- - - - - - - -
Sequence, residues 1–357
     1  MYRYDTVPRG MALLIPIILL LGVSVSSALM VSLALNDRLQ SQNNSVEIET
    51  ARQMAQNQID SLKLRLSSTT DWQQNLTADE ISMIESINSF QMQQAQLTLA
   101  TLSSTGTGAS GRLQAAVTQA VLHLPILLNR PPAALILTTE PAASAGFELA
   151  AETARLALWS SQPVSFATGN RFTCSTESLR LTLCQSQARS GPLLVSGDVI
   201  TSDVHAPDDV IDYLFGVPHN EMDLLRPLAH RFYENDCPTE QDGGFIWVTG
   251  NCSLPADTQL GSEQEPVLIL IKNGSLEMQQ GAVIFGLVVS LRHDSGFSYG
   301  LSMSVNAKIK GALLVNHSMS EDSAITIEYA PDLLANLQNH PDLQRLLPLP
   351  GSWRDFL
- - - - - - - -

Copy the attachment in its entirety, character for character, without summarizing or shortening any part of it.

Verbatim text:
Sequence, residues 1–357
     1  MYRYDTVPRG MALLIPIILL LGVSVSSALM VSLALNDRLQ SQNNSVEIET
    51  ARQMAQNQID SLKLRLSSTT DWQQNLTADE ISMIESINSF QMQQAQLTLA
   101  TLSSTGTGAS GRLQAAVTQA VLHLPILLNR PPAALILTTE PAASAGFELA
   151  AETARLALWS SQPVSFATGN RFTCSTESLR LTLCQSQARS GPLLVSGDVI
   201  TSDVHAPDDV IDYLFGVPHN EMDLLRPLAH RFYENDCPTE QDGGFIWVTG
   251  NCSLPADTQL GSEQEPVLIL IKNGSLEMQQ GAVIFGLVVS LRHDSGFSYG
   301  LSMSVNAKIK GALLVNHSMS EDSAITIEYA PDLLANLQNH PDLQRLLPLP
   351  GSWRDFL